Featured Research

from universities, journals, and other organizations

Did Termites Help Katrina Destroy New Orleans Floodwalls And Levees?

Date:
October 15, 2008
Source:
Entomological Society of America
Summary:
A new article suggests that Formosan subterranean termites played a large role in the destruction of floodwalls and levees during Hurricane Katrina.

A nest of Formosan subterranean termites.
Credit: Photo by Scott Bauer; courtesy of USDA/Agricultural Research Service

Three years after Hurricane Katrina devastated New Orleans, people still speculate over causes of the destruction of the city’s floodwall system. A new article in the fall issue of American Entomologist (Vol. 54, No. 3) suggests that Formosan subterranean termites played a large role.

Author Gregg Henderson, a professor at the Louisiana State University AgCenter, discovered Formosan subterranean termites (Coptotermes formosanus Shiraki) in the floodwall seams in August, 2000 – five years before Katrina struck – and noticed that the seams were made of waste residue from processed sugarcane. Known as bagasse, this waste residue is attractive to Formosan termites.

After the dikes were breached in 2005, Henderson and his colleague Alan Morgan inspected 100 seams for evidence of termites, including three areas where major breaks in the walls had occurred. 70% of the seams in the London Avenue Canal, which experienced two major breaks during Katrina, showed evidence of insect attack, as did 27% of seams inspected in the walls of the 17th Street Canal.

The Formosan subterranean termite originates from China, where it has been known to damage levees since the 1950s. Besides eating at bagasse seams, the termites may have contributed to the destruction of the levees of New Orleans by digging networks of tunnels, which can cause “piping,” sending water through the tunnels and undermining the levee system.

“I believe that the termites pose a continuing danger that requires immediate attention,” Henderson writes. “The fact that termites cause piping in levees must be accepted.”

The author further suggests that New Orleans’ 350 miles of levees and floodwalls should be surveyed for termite damage, and that treatment of the floodwalls and nearby trees may be necessary to avoid future disasters. Henderson will demonstrate one survey method using ground-penetrating radar at the ESA Annual Meeting in Reno, Nevada, November 16-19.


Story Source:

The above story is based on materials provided by Entomological Society of America. Note: Materials may be edited for content and length.


Cite This Page:

Entomological Society of America. "Did Termites Help Katrina Destroy New Orleans Floodwalls And Levees?." ScienceDaily. ScienceDaily, 15 October 2008. <www.sciencedaily.com/releases/2008/10/081014134102.htm>.
Entomological Society of America. (2008, October 15). Did Termites Help Katrina Destroy New Orleans Floodwalls And Levees?. ScienceDaily. Retrieved August 27, 2014 from www.sciencedaily.com/releases/2008/10/081014134102.htm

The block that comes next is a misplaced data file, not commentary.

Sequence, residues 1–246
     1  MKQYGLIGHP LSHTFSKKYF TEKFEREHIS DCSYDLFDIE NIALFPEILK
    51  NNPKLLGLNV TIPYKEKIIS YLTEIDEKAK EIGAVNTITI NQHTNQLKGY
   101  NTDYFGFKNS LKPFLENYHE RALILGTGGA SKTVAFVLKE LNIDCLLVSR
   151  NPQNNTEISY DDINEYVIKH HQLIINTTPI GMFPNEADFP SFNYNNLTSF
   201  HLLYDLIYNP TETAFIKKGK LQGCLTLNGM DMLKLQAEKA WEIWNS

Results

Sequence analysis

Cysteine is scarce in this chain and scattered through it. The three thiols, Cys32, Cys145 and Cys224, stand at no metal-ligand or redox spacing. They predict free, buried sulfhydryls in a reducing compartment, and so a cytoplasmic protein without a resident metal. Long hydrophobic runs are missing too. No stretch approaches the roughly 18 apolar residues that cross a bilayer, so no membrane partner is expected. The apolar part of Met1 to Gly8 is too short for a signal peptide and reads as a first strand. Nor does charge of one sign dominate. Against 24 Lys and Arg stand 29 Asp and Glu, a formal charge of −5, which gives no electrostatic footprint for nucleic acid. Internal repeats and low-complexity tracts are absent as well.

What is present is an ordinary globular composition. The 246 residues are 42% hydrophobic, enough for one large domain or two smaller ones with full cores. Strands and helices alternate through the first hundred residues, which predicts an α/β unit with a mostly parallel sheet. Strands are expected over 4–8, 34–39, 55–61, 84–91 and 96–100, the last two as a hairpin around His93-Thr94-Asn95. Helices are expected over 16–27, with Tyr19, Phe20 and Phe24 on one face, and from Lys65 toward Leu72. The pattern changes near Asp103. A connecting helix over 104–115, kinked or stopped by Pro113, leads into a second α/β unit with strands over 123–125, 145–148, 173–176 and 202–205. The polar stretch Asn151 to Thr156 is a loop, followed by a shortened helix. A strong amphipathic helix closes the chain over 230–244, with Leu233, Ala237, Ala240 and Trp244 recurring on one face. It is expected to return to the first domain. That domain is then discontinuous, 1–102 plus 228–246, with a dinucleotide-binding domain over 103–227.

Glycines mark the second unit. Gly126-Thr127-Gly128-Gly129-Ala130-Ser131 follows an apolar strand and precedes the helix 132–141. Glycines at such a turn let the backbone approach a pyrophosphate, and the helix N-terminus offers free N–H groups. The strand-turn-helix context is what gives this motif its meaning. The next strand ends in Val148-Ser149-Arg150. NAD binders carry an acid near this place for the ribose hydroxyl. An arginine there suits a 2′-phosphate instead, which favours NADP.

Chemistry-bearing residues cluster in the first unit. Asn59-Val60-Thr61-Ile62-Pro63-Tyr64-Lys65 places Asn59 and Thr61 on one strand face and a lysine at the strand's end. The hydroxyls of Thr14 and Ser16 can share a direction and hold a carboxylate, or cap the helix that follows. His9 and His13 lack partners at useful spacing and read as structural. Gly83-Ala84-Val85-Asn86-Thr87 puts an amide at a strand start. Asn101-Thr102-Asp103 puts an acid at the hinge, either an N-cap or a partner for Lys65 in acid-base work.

Entomological Society of America. "Did Termites Help Katrina Destroy New Orleans Floodwalls And Levees?." ScienceDaily. www.sciencedaily.com/releases/2008/10/081014134102.htm (accessed August 27, 2014).

Share This




More Earth & Climate News

Wednesday, August 27, 2014

Featured Research

from universities, journals, and other organizations


Featured Videos

from AP, Reuters, AFP, and other news services

Calif. Quake Underscores Need for Early Warning

Calif. Quake Underscores Need for Early Warning

AP (Aug. 26, 2014) Researchers at UC Berkeley are testing a prototype of an earthquake early warning system that California is pursuing years after places like Mexico and Japan already have them up and running. (August 26) Video provided by AP
Powered by NewsLook.com
Hurricane Marie Brings Big Waves to California Coast

Hurricane Marie Brings Big Waves to California Coast

Reuters - US Online Video (Aug. 26, 2014) Huge waves generated by Hurricane Marie hit the Southern California coast. Rough Cut (no reporter narration). Video provided by Reuters
Powered by NewsLook.com
Brazil Tries Genetically Modified Mosquitoes to Fight Dengue

Brazil Tries Genetically Modified Mosquitoes to Fight Dengue

AFP (Aug. 25, 2014) A factory in the industrial state of Sao Paulo produces genetically modified mosquitoes to fight dengue, a deadly tropical disease more prevalent in Brazil than anywhere else in the world. Duration: 00:57 Video provided by AFP
Powered by NewsLook.com
Raw: Prime Minister at Japan Landslide Site

Raw: Prime Minister at Japan Landslide Site

AP (Aug. 25, 2014) Japanese Prime Minister Shinzo Abe visited Hiroshima on Monday as rescuers expanded their search for dozens still missing from landslides around the western Japanese city that killed at least 50 people. (Aug. 25) Video provided by AP
Powered by NewsLook.com

Search ScienceDaily

Number of stories in archives: 140,361

Find with keyword(s):
Enter a keyword or phrase to search ScienceDaily for related topics and research stories.

Save/Print:
Share:

Breaking News:
from the past week

In Other News

... from NewsDaily.com

Science News

Health News

    Environment News

    Technology News



    Save/Print:
    Share:

    Free Subscriptions


    Get the latest science news with ScienceDaily's free email newsletters, updated daily and weekly. Or view hourly updated newsfeeds in your RSS reader:

    Get Social & Mobile


    Keep up to date with the latest news from ScienceDaily via social networks and mobile apps:

    Have Feedback?


    Tell us what you think of ScienceDaily -- we welcome both positive and negative comments. Have any problems using the site? Questions?
    Mobile: iPhone Android Web
    Follow: Facebook Twitter Google+
    Subscribe: RSS Feeds Email Newsletters
    Latest Headlines Health & Medicine Mind & Brain Space & Time Matter & Energy Computers & Math Plants & Animals Earth & Climate Fossils & Ruins